Dr. Laura Schlessinger is retiring from radio after a flap over her use of the N-word on her radio program. Schlessinger says she didn’t mean it in a hurtful manner—but was trying to point out that African-Americans use the word, which (I guess she meant) should be just as wrong as when non black folk use it. From the story:
Talk radio host Dr. Laura Schlessinger has issued an apology for saying the N-word several times in an on-air conversation with a caller that she said was “hypersensitive” to racism. I don’t want us to get into the controversy over Dr. Laura —who I know a little, like, and believe did not intend to be hurtful or racist. But, in the end, her intentions in using the word don’t matter. The word itself is vile, symbolizing the evil of slavery, racism, and the dehumanization, marginialization, and objectification of moral equals. It should be unacceptable in any circumstance, except perhaps in an historical theatrical depiction. Schlessinger said on her website Wednesday that she was wrong in using the word for what she called an attempt to make a philosophical point. “I articulated the N-word all the way out - more than one time,” Schlessinger said in comments from the opening of her radio show that she posted on her site. “And that was wrong. I’ll say it again - that was wrong.”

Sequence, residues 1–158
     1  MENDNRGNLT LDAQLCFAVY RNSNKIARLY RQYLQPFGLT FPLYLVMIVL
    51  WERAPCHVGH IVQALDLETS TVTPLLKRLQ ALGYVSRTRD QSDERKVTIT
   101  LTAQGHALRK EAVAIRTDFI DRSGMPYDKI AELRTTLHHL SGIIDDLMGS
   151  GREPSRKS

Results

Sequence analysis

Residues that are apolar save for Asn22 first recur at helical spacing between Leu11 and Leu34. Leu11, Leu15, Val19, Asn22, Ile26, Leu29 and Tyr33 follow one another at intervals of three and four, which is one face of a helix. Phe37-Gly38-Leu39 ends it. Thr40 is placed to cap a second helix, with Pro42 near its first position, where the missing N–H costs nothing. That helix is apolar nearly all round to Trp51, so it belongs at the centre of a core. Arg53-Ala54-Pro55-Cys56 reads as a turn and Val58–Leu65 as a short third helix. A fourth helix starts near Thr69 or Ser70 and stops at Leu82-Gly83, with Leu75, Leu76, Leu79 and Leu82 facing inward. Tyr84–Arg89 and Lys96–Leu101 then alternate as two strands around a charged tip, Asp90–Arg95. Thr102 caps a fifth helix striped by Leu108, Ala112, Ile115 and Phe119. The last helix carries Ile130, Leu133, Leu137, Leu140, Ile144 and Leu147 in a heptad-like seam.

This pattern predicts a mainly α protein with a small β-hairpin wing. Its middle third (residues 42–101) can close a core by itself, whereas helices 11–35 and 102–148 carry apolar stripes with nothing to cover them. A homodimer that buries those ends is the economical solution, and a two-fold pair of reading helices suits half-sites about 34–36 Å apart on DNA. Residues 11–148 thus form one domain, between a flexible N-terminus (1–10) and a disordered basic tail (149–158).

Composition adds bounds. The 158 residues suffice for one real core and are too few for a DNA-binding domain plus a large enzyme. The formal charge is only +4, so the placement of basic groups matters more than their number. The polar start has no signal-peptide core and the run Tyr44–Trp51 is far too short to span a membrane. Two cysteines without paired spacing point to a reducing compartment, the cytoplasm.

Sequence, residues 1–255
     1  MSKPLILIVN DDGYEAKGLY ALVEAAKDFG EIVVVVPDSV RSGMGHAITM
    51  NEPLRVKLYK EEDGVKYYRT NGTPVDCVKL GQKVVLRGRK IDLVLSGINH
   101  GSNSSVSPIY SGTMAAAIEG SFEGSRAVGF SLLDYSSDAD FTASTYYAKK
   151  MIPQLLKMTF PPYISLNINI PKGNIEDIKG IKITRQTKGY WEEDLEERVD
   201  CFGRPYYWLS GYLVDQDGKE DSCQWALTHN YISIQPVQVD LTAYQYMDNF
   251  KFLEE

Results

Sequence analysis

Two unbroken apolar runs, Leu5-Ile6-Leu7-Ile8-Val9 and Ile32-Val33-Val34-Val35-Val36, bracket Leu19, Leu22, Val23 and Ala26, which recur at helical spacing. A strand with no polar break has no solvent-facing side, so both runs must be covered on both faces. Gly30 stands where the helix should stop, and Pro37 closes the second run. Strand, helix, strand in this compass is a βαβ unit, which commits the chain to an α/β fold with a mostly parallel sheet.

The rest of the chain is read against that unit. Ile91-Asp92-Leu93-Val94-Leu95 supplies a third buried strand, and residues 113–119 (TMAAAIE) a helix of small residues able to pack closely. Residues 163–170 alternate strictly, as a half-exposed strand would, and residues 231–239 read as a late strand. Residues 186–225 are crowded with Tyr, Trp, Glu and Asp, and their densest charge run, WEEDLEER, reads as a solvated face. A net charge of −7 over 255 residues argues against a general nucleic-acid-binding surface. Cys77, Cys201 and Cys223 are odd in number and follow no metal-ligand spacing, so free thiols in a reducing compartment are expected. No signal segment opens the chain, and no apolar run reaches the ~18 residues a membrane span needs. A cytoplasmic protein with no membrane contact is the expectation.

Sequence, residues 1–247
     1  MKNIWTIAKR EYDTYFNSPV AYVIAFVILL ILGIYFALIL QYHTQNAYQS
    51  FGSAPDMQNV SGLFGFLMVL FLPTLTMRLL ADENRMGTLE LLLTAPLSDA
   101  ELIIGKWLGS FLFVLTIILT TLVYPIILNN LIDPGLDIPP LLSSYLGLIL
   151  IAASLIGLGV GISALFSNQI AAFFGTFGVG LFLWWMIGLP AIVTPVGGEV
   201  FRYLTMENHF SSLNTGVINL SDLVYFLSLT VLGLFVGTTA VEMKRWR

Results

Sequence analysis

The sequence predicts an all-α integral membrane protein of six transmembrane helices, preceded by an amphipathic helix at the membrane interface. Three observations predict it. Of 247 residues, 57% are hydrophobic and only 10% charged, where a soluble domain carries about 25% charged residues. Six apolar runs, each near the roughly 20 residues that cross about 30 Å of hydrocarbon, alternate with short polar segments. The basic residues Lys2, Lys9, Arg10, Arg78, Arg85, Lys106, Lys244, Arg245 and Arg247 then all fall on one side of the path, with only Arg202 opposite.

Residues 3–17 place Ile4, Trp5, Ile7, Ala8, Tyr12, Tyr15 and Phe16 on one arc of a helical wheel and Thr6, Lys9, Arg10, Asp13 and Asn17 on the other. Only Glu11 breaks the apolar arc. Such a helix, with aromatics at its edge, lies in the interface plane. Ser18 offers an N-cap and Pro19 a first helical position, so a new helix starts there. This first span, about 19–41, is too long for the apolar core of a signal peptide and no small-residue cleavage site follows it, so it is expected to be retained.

Yes it was.
I don’t bring this up to pound on Schlessinger—who I know a little and believe did not have a racist intent—but to note that had she used the V-word to describe profoundly disabled people, it would not have made the news. That dichotomy needs to change. The V-word—properly employed to describe carrots and string beans—dehumanizes, marginalizes, diminishes, and objectifies moral equals when used to characterize human beings. And often, just as with the N-word, it is intended to open the door to oppression and exploitation of those against whom it is wielded.
Bottom line: We need to get to the place where anyone using the V-word epithet will be just as subjected to disapprobation as someone using the N-word. There is a lot of consciousness raising to do in this regard, but we should take every opportune time to raise the bar—as I hope I just have.